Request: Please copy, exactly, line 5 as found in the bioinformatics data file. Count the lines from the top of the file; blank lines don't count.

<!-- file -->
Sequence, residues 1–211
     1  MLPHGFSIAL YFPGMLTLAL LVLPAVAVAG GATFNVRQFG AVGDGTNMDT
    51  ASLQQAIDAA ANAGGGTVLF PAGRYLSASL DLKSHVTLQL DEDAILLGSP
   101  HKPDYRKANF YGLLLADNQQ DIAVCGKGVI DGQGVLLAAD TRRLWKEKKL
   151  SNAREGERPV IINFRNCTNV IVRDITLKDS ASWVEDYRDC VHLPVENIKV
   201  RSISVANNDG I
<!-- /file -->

   151  SNAREGERPV IINFRNCTNV IVRDITLKDS ASWVEDYRDC VHLPVENIKV